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Common Law

2000-08-08 21:56:03+00 by Dan Lyke 7 comments

Following up on the whole Sovereign Citizen thing, Seth passes along White Man's Ghost Dance, an essay on the notion of Common Law and why those who claim Sovereign Citizenship are courting the same sort of mythos that the Ghost Dancers who felt invulnerable to bullets did.

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comments in ascending chronological order (reverse):

#Comment made: 2002-02-21 05:30:14+00 by: shad0w

  1. So just because it's your opinion "it won't work in the real world", I should give up?
  2. The Constitution guarantees me certain rights. These laws take them away. The Constitution supersedes these laws. If it's that important to take my rights away, why don't you amend the Constitution?
  3. There are two kinds of Constitutionalists; those who don't act, but simply hope; and those who act, knowing it's likely to get them jailed or killed. None of us expect a Ghost Shirt to keep the bullets away.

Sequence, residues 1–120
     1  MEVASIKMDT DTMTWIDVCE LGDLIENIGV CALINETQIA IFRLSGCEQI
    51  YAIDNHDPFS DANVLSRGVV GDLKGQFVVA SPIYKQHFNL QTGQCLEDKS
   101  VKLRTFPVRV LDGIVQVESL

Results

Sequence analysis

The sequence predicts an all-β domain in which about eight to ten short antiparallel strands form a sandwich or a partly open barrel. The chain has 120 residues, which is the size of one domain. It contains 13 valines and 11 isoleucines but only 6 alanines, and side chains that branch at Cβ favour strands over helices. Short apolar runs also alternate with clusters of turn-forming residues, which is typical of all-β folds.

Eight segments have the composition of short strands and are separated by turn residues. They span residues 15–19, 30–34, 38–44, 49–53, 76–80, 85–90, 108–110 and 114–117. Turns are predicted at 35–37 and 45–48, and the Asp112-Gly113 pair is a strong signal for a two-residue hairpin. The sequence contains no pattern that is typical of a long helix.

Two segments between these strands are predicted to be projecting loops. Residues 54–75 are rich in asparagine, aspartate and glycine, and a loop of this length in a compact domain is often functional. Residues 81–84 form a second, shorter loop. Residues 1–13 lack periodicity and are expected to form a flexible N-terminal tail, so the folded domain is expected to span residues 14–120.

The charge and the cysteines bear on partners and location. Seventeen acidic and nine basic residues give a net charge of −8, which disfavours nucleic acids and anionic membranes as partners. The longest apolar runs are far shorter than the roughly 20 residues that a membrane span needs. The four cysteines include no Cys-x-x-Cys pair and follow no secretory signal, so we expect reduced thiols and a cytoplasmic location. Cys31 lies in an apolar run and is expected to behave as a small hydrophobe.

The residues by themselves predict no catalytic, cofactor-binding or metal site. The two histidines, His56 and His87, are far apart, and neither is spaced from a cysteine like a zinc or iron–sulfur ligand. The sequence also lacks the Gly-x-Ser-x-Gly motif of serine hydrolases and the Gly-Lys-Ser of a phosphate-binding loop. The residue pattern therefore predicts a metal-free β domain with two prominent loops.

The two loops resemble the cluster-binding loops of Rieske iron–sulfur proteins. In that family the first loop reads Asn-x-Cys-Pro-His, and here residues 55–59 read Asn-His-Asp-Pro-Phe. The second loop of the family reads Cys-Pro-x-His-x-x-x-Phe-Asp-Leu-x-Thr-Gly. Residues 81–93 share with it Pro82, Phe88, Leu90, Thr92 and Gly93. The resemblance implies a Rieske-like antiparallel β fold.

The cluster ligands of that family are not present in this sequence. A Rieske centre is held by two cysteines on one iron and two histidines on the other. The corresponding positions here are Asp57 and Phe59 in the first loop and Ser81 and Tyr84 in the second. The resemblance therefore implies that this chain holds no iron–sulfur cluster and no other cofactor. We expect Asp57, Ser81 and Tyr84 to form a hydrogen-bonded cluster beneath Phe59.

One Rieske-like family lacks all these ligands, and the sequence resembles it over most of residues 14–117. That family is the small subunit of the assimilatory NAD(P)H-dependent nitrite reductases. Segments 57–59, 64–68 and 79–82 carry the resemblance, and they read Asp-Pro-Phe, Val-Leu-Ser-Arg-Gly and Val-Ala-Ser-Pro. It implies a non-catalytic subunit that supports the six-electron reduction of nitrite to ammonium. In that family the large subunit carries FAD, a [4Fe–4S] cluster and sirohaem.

#Comment made: 2002-02-21 05:30:15+00 by: Dan Lyke

  1. It's not about "won't work in the real world", it's about pulling an epistemology from a flawed mythology.
  2. The U.S. Constitution guarantees you rights based on the Supreme Court's definition of the Constitution. If you wish to use that as your basis for right and wrong, then your energies are probably best served by donating lots of money to the ACLU.
  3. ... except that asking the courts to protect you from the laws based on an interpretation of the Constitution that differs from the courts' is expecting that the bullets can't kill you.

#Comment made: 2002-02-21 05:30:15+00 by: Larry Burton

It all boils down to this, I've only got the rights that I can prevent you from taking from me. Might may not make right but might does allow me to retain rights. We can philosophize (is that a word?) and create all kinds of SimSocieties that we want but as long as there is one mighty person that sees the world as his for the taking then that is how it is going to be. I'm only as soverign of an individual as society will allow me to be. There is the way things ought to be and then there is the way things are.

#Comment made: 2002-02-21 05:30:15+00 by: shad0w